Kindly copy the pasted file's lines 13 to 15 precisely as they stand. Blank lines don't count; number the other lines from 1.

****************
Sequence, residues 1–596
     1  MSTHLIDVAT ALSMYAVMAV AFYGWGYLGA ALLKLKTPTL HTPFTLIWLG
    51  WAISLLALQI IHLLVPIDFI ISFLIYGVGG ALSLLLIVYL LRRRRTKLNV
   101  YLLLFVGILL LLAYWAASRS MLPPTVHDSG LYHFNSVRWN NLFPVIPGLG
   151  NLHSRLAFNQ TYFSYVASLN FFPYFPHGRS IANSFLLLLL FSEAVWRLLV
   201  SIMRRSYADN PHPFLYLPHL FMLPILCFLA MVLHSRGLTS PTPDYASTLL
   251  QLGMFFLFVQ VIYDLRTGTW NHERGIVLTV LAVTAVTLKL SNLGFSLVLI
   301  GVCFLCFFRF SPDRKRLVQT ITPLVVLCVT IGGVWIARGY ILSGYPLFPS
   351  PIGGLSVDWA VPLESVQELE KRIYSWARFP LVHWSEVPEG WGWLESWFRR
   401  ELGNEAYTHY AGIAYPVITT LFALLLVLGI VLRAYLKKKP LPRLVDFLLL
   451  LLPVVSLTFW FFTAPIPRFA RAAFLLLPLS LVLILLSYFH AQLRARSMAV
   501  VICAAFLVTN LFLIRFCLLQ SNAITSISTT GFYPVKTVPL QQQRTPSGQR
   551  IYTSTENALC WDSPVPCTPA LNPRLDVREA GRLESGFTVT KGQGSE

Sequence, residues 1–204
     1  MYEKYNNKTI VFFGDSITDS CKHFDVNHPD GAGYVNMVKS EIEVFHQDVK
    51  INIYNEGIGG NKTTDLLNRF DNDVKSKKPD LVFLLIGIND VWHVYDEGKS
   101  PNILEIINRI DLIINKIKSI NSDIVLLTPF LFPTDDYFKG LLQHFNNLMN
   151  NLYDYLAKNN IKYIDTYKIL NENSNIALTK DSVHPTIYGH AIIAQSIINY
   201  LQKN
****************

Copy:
   551  IYTSTENALC WDSPVPCTPA LNPRLDVREA GRLESGFTVT KGQGSE

Sequence, residues 1–204
     1  MYEKYNNKTI VFFGDSITDS CKHFDVNHPD GAGYVNMVKS EIEVFHQDVK